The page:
The Cysteine-rich C-Flanking Region of the Thyrotropin Receptor has Very Ancient Phylogenetic Origins: Implications from Sequence Analysis

V. Kaczur, N. R. Farid, I. A. Racz, A. Szendroi, M. Takács, V. Kaczur, V. Kaczur, Nadir R. Farid

Research output: Contribution to journalArticle

Abstract

The thyrotropin receptor (TSHR) is a member of a rapidly expanding family of leucine-rich repeat (LRR)-containing G protein-coupled receptors (LGRs). These arose as the result of the union of an LRR module with a bared-down G protein-coupled signaling unit (signalon). The cysteine-rich C-flanking region (CFR) connects these two modules. The TSHR stands out from other glycoprotein hormone receptors by virtue of a 50 residue 'insertion' in its CFR. This CFR 'add on' sequence (CFLANS) is apparently essential for receptor ectodomain cleavage, characteristic of TSHR. To find out whether the CFLANS was a recent evolutionary innovation in TSHR or had deep evolutionary history, we compared the protein sequences of 13 LGRs and submitted them to phylogenetic analysis. The phylogentic tree based on complete LGR sequences was consistent with the evolutionary record and suggested that a TSHR-like structure was evolutionarily the most preserved. CFLANS could be found in the earliest form of life for which the presence of LGRs was documented, the sea anemone. CFRs with homology to TSHR CFLANS have been found in C. elegans and two D. melanogaster LGRs. The evolutionary line leading to vertebrates suggests that the root structure probably possessed a CFR not unlike that in TSHR. The descent of various LGRs suggests that the follicle-stimulating hormone receptor (FSHR) separated earlier than the luteinizing hormone receptor (LHR). The closer relatedness of LHR to TSHR is consistent with an alternative sequence alignment of TSHR/LHR in which TSHR CFLANS does not separate out as a continuous uninterrupted structure.The predicted secondary structure of CFR calls for four α-helices, which likely form a compact microenvironment with CFLANS projecting into the extracellular space. The random coil structure of CFLANS allows for a likely recognition site for the putative TSHR cleaving enzyme. We suggest that following cleavage, surface protein disulfide isomerase (PDI) reduces intrachain disulfide bonds holding the A subunit (ectodomain) cleaved from the B subunit (balance of ectodomain plus signalon) together. PDI may also be involved in forming interchain disulfide bonds to yield B subunit dimers, thus enhancing signaling. The CFLANS of TSHR has deep roots in evolutionary history. It has acquired important functions in TSHR in determining receptor cleavage, the contribution to a local microenvironment that promotes redox states favorable to inter-B subunit covalent di-merization, to enhance receptor signaling. This unique chemical reaction may compensate for the relatively low numbers of TSHR molecules on thyroid cells.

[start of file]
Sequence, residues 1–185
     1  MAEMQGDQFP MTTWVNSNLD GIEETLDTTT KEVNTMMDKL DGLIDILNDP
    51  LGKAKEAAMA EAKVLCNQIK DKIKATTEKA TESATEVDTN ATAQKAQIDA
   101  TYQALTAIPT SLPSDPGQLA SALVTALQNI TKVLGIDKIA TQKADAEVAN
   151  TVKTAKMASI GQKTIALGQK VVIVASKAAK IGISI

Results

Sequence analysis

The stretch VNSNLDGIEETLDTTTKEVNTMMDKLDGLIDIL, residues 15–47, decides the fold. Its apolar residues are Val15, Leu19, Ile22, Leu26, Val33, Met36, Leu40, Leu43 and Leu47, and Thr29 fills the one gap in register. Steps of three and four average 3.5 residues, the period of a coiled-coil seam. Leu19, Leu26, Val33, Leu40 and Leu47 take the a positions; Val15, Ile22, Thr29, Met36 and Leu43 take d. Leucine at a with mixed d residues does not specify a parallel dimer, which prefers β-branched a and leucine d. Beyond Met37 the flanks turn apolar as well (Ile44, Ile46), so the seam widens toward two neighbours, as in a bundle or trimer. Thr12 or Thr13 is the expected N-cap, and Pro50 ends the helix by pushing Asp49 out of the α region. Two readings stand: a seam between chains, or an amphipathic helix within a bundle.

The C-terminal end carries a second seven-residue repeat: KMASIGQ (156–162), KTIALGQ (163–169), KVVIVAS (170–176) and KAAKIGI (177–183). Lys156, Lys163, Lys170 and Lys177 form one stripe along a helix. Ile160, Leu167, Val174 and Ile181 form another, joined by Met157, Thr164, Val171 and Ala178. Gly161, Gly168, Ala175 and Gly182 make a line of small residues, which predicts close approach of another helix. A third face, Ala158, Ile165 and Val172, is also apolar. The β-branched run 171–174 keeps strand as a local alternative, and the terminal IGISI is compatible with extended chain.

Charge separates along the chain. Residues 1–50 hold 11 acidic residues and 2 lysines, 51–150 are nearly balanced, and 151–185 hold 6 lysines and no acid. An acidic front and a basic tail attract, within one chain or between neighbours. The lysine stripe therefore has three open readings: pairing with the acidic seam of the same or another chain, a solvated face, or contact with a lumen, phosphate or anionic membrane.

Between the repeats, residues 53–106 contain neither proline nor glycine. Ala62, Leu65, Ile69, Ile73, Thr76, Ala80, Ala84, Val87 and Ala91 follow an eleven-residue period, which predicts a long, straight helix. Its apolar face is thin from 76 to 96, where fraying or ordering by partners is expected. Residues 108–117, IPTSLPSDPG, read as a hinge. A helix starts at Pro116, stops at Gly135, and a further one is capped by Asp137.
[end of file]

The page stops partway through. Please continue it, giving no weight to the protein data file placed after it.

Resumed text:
Original languageEnglish
Pages (from-to)43-56
Number of pages14
JournalInternational Journal on Disability and Human Development
Volume3
Issue number2
DOIs
Publication statusPublished - Jan 1 2002

Keywords

  • C-flanking region
  • evolution
  • leucine-rich repeats containing G protein-coupled receptors
  • sequence alignment
  • thyrotropin receptor

ASJC Scopus subject areas

  • Rehabilitation
  • Sensory Systems
  • Geriatrics and Gerontology
  • Psychiatry and Mental health
  • Advanced and Specialised Nursing
  • Speech and Hearing

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